Menendez, Rubio Urge Biden Administration to Extend TPS for Venezuela
WASHINGTON — U.S. Senator Bob Menendez (D-N.J.), Chairman of the Senate Foreign Relations Committee, and Marco Rubio (R-Fla.), Ranking Member of the SFRC Subcommittee on the Western Hemisphere, today sent a letter to U.S. Department of Homeland Security (DHS) Secretary Alejandro Mayorkas requesting DHS renew Temporary Protected Status (TPS) for eligible Venezuelans. TPS provides temporary legal status and work authorization for foreign nationals who cannot return to their country of origin, and has historically been implemented in cases of natural disasters, armed conflict, and other extraordinary circumstances. TPS for Venezuela expires September 2022.
“Given the Maduro regime’s ongoing campaign of state-sanctioned violence against the people of Venezuela and the humanitarian crisis present in the country, we request that you redesignate Venezuela for TPS for an additional 18 months,” the senators wrote. “Failure to do so would result in a very real death sentence for countless Venezuelans who have fled their country.”
Menendez and Rubio are the authors of the Venezuela Temporary Protected Status Act of 2021, a bill to grant TPS for eligible Venezuelans currently in the U.S. who fled the Maduro regime’s man-made crisis.
Find a copy of the letter HERE and below.
Dear Secretary Mayorkas:
We write to respectfully request that you redesignate Venezuela for Temporary Protected Status (TPS). Extending this designation is absolutely essential for eligible Venezuelans currently in the United States who are unable to return to their homeland due to the dire conditions in that country.
This month, Interim President of Venezuela, Juan Guaidó, requested that the United States continue TPS for eligible Venezuelans. TPS provides temporary legal status and work authorization for foreign nationals who cannot return to their country of origin, and has historically been implemented in cases of natural disasters, armed conflict, and other extraordinary circumstances. The designation for Venezuela is set to expire in less than six months, but the factors on the ground in Venezuela that led to the designation have only deteriorated since 2021. Under the brutality, incompetence, and deliberate mismanagement of the Maduro regime, Venezuela is not safe for ordinary Venezuelans.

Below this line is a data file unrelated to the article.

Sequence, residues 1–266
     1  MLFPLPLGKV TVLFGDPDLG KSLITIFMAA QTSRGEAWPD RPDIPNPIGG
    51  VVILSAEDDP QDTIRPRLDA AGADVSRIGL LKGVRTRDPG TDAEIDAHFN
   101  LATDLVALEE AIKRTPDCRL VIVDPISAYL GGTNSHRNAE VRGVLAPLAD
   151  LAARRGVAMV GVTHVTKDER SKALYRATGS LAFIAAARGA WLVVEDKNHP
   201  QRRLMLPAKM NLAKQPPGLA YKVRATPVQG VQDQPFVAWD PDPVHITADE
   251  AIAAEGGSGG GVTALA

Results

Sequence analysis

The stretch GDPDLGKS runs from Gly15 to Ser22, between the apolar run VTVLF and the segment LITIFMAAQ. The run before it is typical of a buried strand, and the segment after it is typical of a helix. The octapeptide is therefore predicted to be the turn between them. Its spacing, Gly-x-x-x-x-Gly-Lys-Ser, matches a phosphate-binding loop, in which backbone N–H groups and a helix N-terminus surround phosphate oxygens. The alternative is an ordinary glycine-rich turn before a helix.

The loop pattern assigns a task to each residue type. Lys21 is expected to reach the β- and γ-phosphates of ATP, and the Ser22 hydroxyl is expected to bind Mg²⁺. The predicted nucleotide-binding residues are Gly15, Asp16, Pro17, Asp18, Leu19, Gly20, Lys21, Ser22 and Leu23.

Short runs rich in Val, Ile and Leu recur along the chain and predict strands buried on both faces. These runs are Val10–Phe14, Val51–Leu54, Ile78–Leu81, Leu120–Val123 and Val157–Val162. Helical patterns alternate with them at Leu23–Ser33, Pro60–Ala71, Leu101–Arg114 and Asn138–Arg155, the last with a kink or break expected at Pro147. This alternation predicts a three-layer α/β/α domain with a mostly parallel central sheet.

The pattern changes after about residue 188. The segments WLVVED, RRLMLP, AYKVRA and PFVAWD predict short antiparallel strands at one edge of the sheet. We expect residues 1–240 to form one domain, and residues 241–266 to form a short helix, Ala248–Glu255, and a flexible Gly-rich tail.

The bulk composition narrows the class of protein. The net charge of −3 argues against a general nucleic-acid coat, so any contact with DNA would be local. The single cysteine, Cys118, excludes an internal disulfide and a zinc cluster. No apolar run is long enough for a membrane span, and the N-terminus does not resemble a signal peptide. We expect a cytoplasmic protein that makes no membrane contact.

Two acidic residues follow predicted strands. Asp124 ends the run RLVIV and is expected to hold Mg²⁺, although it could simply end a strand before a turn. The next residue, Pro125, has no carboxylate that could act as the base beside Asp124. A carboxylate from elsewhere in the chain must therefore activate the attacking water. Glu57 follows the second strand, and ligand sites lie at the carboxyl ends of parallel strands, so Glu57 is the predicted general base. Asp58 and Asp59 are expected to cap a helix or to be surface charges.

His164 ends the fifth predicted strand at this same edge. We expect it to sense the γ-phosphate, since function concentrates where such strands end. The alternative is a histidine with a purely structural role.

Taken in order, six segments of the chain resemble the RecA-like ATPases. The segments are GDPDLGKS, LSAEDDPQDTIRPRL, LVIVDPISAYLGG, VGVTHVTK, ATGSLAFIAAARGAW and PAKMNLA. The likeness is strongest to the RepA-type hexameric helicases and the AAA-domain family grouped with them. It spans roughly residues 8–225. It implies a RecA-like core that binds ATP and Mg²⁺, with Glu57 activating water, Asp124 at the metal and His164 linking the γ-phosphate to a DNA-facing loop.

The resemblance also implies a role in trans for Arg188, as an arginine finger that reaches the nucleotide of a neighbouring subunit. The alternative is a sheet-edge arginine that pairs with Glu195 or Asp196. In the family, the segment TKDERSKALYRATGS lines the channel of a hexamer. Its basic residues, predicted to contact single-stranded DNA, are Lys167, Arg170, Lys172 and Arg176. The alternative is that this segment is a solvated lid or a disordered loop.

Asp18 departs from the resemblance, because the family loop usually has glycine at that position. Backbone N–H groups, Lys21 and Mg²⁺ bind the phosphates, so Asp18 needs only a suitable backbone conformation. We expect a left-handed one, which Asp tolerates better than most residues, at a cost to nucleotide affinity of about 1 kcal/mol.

Recently, the Independent International Fact-Finding Mission of the United Nations Human Rights Council concluded that “there are reasonable grounds to believe” that the Maduro regime committed crimes against humanity.” The International Fact-Finding Mission documented that the Maduro regime carried out extra-judicial murders, disappearances, and torture of political opponents. Additionally, since September 2021, the UN High Commissioner for Human Rights found that there had been 93 incidents of criminalization, threats and stigmatization against activists, independent media, and trade union members. Meanwhile, violence in areas near the border with Colombia has increased and has forced the displacement of thousands of Venezuelans. International human rights groups estimated that over the course of 2021, there were at least 254 political prisoners detained across the country.
The Maduro regime’s use of food as a weapon of social and political control has led millions of Venezuelans to suffer from food insecurity. This has only been exacerbated by the regime’s mishandling of the COVID-19 pandemic. More than 6 million Venezuelans have fled the atrocious conditions in the country. Close to 83 percent of them are hosted in Latin America and the Caribbean, straining social protection systems throughout the region. For those Venezuelans forced to return to Venezuela, the threat of harassment, arbitrary harassment, and extrajudicial killings by Maduro’s security services hangs over their head.
Given the Maduro regime’s ongoing campaign of state-sanctioned violence against the people of Venezuela and the humanitarian crisis present in the country, we request that you redesignate Venezuela for TPS for an additional 18 months. Failure to do so would result in a very real death sentence for countless Venezuelans who have fled their country.
Thank you for your attention to this critical matter.
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